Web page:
Covid-19 Information for Employees, too much sitting
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Too much sitting is bad for you


Working in an office or working at home can often lead to us sitting in front of a computer for long periods of time. Prolonged spells of sitting in in the same position or being “sedentary” has been shown to have a harmful effect on our health. Therefore we should all aim to reduce the negative impact of sitting as much as possible.

Too much sedentary behaviour can put us at a higher risk of long term conditions such as back pain, diabetes, heart disease and some cancers. It can also have a negative impact on our mental health. With many people working from home it is even more important to consider how much we sit during the day and take action to reduce this. For many our office might now be our living room, dinner table, kitchen, spare room or even sofa! The usual office interaction; chats around the kettle or a walk at lunchtime with colleagues isn’t available. Meetings are held via video we don’t need to walk to a meeting room. 

Many have had to make do with what would normally be temporary measures, such as working from a laptop which isn’t ideal for long periods of use. When in office environments regular Display Screen Equipment (DSE) risk assessments and correct set up would be available. As such without the correct set up, discipline or ability change position, musculoskeletal disorders, already one of the main causes of sickness absence could become more prevalent.  Why not work if you need to make a change by calculating your sitting time here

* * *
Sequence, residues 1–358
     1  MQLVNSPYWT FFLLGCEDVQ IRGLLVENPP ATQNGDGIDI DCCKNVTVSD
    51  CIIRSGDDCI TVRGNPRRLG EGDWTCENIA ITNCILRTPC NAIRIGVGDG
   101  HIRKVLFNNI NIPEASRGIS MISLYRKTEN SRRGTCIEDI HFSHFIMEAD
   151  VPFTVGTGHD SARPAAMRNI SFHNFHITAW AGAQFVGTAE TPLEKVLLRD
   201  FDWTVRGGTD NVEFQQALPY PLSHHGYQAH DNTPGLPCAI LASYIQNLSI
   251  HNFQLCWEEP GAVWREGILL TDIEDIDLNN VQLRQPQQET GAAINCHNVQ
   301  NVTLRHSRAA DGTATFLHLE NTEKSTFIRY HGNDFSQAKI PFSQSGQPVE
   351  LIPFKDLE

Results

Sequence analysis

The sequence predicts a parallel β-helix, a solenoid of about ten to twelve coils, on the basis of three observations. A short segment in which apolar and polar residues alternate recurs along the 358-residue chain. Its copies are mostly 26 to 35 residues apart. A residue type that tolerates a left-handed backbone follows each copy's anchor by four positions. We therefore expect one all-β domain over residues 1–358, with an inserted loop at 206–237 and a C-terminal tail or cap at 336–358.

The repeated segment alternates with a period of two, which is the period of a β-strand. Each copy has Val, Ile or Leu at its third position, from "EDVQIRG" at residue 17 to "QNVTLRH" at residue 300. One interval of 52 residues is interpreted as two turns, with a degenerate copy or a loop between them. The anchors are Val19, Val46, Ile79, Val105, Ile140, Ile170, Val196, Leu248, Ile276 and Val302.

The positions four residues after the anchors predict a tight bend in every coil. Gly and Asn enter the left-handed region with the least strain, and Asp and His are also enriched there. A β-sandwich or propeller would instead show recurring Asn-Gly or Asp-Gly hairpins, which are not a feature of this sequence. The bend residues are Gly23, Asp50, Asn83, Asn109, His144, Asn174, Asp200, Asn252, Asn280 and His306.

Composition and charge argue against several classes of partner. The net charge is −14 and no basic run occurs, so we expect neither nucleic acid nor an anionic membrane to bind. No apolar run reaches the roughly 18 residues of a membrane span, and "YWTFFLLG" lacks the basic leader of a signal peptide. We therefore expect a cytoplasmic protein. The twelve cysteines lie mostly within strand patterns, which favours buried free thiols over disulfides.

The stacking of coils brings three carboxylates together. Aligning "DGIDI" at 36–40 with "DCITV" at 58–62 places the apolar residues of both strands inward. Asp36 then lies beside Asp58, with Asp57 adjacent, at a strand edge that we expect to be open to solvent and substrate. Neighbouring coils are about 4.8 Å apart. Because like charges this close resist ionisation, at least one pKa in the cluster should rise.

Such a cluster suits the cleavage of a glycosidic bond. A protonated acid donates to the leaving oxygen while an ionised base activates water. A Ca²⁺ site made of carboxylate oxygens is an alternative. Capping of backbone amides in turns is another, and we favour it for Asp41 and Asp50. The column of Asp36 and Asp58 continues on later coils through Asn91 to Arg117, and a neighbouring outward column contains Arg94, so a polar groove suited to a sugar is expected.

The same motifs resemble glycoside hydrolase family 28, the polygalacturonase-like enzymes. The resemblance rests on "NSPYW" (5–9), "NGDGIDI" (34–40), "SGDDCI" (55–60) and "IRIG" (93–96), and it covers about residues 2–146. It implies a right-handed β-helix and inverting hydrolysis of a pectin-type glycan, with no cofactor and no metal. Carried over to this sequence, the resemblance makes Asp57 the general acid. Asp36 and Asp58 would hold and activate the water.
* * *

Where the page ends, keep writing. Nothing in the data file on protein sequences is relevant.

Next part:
There are measures we can take to reduce the impact of prolonged sitting


  • Take regular breaks – at least once an hour. Stand up, take a short walk, step away from the computer
  • Exercise. When taking longer breaks, ensure exercise is part of this. Take a walk if you can. Are you able to build some form of exercise into your working day?
  • Consider the equipment you use. Do you have an appropriate chair with suitable back support? Can your organisation supply or loan equipment to staff e.g. office monitors, keyboards?
  • Stand for phone calls and if possible, move around the home / office while on the call.
  • Set reminders to stand regularly on your computer e.g. outlook calendar, or smartphone/watch
  • Many workplaces have introduced standing desks which offer a great way to reduce sedentary behaviour. If it’s not possible to access these, some at home improvisation can create a standing work station e.g. place computer on a box for short periods (if safe to do so).
  • Encourage colleagues to reduce sedentary behaviour across your organisation with an awareness campaign.

Much of our time at home can be sedentary as we relax after a day at work e.g. watching TV, reading a book. Therefore it is important to consider how much time throughout the entire day we are sedentary (not including sleeping). The interventions we put in place to reduce sitting while working can be just as effective after our working day has ended. 


Want to find out more? 


NHS advice

https://www.nhs.uk/live-well/exercise/why-sitting-too-much-is-bad-for-us/ 


Get Britain Standing

http://www.getbritainstanding.org/

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